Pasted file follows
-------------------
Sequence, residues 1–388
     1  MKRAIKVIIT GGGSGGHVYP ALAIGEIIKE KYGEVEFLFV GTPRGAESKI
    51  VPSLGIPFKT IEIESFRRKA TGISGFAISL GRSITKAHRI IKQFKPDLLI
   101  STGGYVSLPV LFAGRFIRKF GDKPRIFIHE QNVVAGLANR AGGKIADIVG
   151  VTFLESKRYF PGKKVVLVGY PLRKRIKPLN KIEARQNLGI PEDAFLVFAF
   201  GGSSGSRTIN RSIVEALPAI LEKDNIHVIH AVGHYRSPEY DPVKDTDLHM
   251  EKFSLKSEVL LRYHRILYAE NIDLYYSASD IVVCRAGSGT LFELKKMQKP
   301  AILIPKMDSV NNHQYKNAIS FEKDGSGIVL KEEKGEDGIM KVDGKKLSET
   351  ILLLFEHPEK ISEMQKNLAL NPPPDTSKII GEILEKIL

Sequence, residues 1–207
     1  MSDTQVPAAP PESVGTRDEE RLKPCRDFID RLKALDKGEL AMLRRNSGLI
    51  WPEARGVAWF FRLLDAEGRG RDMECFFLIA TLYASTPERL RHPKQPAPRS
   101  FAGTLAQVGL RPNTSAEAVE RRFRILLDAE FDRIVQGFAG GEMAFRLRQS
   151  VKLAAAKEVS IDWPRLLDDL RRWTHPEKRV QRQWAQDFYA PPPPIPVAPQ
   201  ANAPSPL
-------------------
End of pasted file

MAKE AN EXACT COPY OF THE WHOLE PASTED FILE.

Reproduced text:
Sequence, residues 1–388
     1  MKRAIKVIIT GGGSGGHVYP ALAIGEIIKE KYGEVEFLFV GTPRGAESKI
    51  VPSLGIPFKT IEIESFRRKA TGISGFAISL GRSITKAHRI IKQFKPDLLI
   101  STGGYVSLPV LFAGRFIRKF GDKPRIFIHE QNVVAGLANR AGGKIADIVG
   151  VTFLESKRYF PGKKVVLVGY PLRKRIKPLN KIEARQNLGI PEDAFLVFAF
   201  GGSSGSRTIN RSIVEALPAI LEKDNIHVIH AVGHYRSPEY DPVKDTDLHM
   251  EKFSLKSEVL LRYHRILYAE NIDLYYSASD IVVCRAGSGT LFELKKMQKP
   301  AILIPKMDSV NNHQYKNAIS FEKDGSGIVL KEEKGEDGIM KVDGKKLSET
   351  ILLLFEHPEK ISEMQKNLAL NPPPDTSKII GEILEKIL

Sequence, residues 1–207
     1  MSDTQVPAAP PESVGTRDEE RLKPCRDFID RLKALDKGEL AMLRRNSGLI
    51  WPEARGVAWF FRLLDAEGRG RDMECFFLIA TLYASTPERL RHPKQPAPRS
   101  FAGTLAQVGL RPNTSAEAVE RRFRILLDAE FDRIVQGFAG GEMAFRLRQS
   151  VKLAAAKEVS IDWPRLLDDL RRWTHPEKRV QRQWAQDFYA PPPPIPVAPQ
   201  ANAPSPL